JERUSALEM — It could have been another achievement that Israeli Prime Minister Benjamin Netanyahu could boast of in his frantic election campaign. The prime ministers of Hungary, Poland, Slovakia and the Czech Republic — the Visegrad Group, or V4 — accepted his invitation to hold last month’s summit in Jerusalem, Israel’s controversial capital.
Then came Israel Katz, the acting Minister of Foreign Affairs, and spoiled it all.
“Poles collaborated with the Nazis,” Katz asserted in a TV interview on the eve of the summit. He quoted former Prime Minister Yitzhak Shamir as having said that Poles “suckled anti-Semitism from their mothers’ milk.”
That affront the Poles would not bear. They canceled their participation, leaving the others who did come to hold informal and bilateral meetings.
Cultivating the right
The invitation to meet in Jerusalem was part of Israel’s attempt to cultivate relations with the EU’s eastern and central European members. Those countries, especially the right-wing, nationalist governments of Poland and Hungary, have been critical of the mainstream, Western, liberal EU members.
Netanyahu has attended summit meetings of the Visegrad Group, the three Baltic States and the Craiova Forum that includes Bulgaria, Romania and Serbia.
He complained to the V4 that Israel was being criticized “more than any other place in the world.”
“I unabashedly asked the help of my friends here in making, correcting … a distorted position, a distorted view on Israel in the EU,” he said at a press conference with the leaders of the Baltic states.
Much of the friction is over Israeli settlement expansion in the West Bank and construction in East Jerusalem which, the EU maintains, violate international law.
The EU has deterred Israel from evicting Palestinian refugees from a decades-old encampment beside the Jerusalem-Jericho road. It sought to have Israel label goods produced in the settlements and deny them customs benefits available to products made in Israel proper. It wants Israel to pay for, or return, EU-funded materials that Israel destroyed or confiscated from West Bank Palestinians; Israeli scientists in the occupied territories are not eligible for EU research grants; and it supports Israeli NGOs that criticize the government.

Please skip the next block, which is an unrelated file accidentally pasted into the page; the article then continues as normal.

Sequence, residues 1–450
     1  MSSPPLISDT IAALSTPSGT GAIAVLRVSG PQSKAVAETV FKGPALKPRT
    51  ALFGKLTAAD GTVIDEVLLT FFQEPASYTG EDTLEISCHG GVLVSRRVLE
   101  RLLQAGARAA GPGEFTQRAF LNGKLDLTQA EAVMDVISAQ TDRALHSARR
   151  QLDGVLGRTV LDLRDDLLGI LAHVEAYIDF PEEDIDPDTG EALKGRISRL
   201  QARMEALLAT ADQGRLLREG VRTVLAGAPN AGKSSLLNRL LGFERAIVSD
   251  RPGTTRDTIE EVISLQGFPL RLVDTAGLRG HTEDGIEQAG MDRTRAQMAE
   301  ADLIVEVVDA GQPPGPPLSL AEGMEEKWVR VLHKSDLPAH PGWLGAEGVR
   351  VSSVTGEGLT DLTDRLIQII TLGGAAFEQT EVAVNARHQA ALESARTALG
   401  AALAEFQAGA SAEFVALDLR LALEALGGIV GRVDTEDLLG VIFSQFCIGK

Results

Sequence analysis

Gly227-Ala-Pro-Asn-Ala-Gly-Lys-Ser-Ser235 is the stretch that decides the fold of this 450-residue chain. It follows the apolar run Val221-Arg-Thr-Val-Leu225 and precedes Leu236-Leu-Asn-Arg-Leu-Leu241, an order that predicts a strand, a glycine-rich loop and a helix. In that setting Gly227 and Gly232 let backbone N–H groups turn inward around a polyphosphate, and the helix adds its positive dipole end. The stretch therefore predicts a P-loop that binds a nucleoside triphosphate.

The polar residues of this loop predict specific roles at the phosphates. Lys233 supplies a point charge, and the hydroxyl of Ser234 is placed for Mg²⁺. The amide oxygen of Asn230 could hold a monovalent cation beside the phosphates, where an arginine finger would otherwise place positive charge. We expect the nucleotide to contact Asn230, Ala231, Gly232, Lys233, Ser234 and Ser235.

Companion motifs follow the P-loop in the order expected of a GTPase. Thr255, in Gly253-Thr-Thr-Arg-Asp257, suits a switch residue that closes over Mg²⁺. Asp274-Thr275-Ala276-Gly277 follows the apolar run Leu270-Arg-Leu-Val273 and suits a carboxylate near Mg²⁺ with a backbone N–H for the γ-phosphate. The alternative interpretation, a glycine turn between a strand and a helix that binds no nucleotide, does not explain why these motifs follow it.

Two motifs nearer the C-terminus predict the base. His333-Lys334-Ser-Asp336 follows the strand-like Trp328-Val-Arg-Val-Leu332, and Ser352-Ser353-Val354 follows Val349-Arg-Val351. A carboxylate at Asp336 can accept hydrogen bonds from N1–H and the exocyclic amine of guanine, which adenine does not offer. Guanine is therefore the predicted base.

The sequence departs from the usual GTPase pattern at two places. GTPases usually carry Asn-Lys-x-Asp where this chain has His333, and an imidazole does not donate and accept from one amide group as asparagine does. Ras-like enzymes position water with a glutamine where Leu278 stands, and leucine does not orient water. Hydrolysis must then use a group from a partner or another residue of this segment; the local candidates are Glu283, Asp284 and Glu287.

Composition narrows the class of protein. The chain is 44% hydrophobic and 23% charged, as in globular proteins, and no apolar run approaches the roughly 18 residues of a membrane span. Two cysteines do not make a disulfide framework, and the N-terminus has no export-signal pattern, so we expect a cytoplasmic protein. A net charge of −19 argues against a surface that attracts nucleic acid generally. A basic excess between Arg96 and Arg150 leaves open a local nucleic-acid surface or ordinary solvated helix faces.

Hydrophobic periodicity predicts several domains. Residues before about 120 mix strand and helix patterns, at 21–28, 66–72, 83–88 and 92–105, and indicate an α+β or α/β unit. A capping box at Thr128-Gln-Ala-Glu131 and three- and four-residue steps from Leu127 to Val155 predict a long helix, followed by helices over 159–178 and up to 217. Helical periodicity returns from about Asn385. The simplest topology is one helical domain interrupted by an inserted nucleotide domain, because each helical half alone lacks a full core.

Israel and nationalist governments share perceptions, noted Joanna Dyduch in a paper published by the German Institute for International and Security Affairs. Netanyahu’s coalition is the most right-wing coalition in Israel’s 70 years history.
According to Dyduch, having experienced Soviet domination, the Visegrad four share the view that “they are entities which continually need to be defended.” They focus on power relations while “liberalism, which emphasizes the significance of the individual, human rights and civil liberties, is often consciously portrayed as being inadequate, or even dangerous.”
Netanyahu strikes a sensitive chord among European leaders when he addresses threats to their security.
“The biggest common adversary to our common civilization is the force of militant Islam, its radical forces, the terrorists that seek to bring down our planes, bombard our cities, murder our civilians,” he said with Hungarian Prime Minister Viktor Orban at his side.
Israel can help, he said. Its intelligence saved many lives. It built a border fence that blocks illegal migrants, has an effective airport security system and is tops in cybertechnology.
Turning point was Turkey
The breakthrough to those countries followed the deterioration of its relations with Turkey. The Israeli air force could no longer train in Turkish skies and needed an alternative, the Foreign Ministry’s former Director General Alon Liel recalled.
It started warming relations with Turkey’s enemies, Greece and Cyprus, then with Bulgaria and Romania. A very strong friendship ensued and produced “excellent results in reducing EU pressure,” Liel said.
Israel then decided to expand ties to other former East Bloc countries that were interested in its security technologies, weapons and intelligence to cope with the influx of Syrian refugees and militant Islam.
Political gains, dangers
Security cooperation intensified and political gains emerged.
Hungary and Poland sided with Israel in U.N. and EU forums. Hungary, the Czech Republic and Romania blocked a proposal that all 28 EU states criticize the United States for moving its embassy to Jerusalem. EU foreign ministers differed on whether to let Netanyahu address one of their breakfast meetings. Lithuania went ahead and invited him.
The EU sanctioned Israeli firms that were conspicuously based in the occupied territories but did not pursue others who were discreet, recalled Avi Primor, a former ambassador to the EU.
Nevertheless, former Israeli ambassadors criticized the close ties with right-wing governments as being short-sighted, on thin ice, and severing an umbilical cord to Western culture.
It places Israel with allies such as Orban, “who distances himself from democracy and his campaign contains anti-Semitic characteristics,” said Nimrod Goren, head of the Israeli Institute for Regional and Foreign Policy.
Israel’s agreements with the EU must be renewed or updated periodically, and each member state can block it. Israel’s close ties with the United States and memories of the Holocaust moderates them, but if Israel would resist U.S. pressure, “the Europeans will act more decisively,” Primor predicted.